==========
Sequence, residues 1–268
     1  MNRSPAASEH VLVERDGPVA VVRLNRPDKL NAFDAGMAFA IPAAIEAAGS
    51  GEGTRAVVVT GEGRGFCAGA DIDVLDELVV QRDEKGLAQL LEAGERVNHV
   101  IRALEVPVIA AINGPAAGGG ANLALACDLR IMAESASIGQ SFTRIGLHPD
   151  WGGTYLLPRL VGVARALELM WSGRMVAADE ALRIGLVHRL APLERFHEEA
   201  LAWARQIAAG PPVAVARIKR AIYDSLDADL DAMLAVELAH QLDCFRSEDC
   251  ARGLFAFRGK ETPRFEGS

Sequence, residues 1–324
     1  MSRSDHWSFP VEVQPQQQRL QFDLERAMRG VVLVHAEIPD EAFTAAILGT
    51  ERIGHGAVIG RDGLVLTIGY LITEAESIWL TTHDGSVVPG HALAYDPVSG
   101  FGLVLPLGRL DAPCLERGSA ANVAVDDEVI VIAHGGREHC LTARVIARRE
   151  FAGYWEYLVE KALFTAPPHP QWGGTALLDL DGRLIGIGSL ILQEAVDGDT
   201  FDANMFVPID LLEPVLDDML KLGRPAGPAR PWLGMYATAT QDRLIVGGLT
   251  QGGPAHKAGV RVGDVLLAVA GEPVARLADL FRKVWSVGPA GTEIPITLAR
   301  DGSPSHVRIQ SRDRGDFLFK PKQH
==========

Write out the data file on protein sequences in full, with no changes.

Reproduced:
Sequence, residues 1–268
     1  MNRSPAASEH VLVERDGPVA VVRLNRPDKL NAFDAGMAFA IPAAIEAAGS
    51  GEGTRAVVVT GEGRGFCAGA DIDVLDELVV QRDEKGLAQL LEAGERVNHV
   101  IRALEVPVIA AINGPAAGGG ANLALACDLR IMAESASIGQ SFTRIGLHPD
   151  WGGTYLLPRL VGVARALELM WSGRMVAADE ALRIGLVHRL APLERFHEEA
   201  LAWARQIAAG PPVAVARIKR AIYDSLDADL DAMLAVELAH QLDCFRSEDC
   251  ARGLFAFRGK ETPRFEGS

Sequence, residues 1–324
     1  MSRSDHWSFP VEVQPQQQRL QFDLERAMRG VVLVHAEIPD EAFTAAILGT
    51  ERIGHGAVIG RDGLVLTIGY LITEAESIWL TTHDGSVVPG HALAYDPVSG
   101  FGLVLPLGRL DAPCLERGSA ANVAVDDEVI VIAHGGREHC LTARVIARRE
   151  FAGYWEYLVE KALFTAPPHP QWGGTALLDL DGRLIGIGSL ILQEAVDGDT
   201  FDANMFVPID LLEPVLDDML KLGRPAGPAR PWLGMYATAT QDRLIVGGLT
   251  QGGPAHKAGV RVGDVLLAVA GEPVARLADL FRKVWSVGPA GTEIPITLAR
   301  DGSPSHVRIQ SRDRGDFLFK PKQH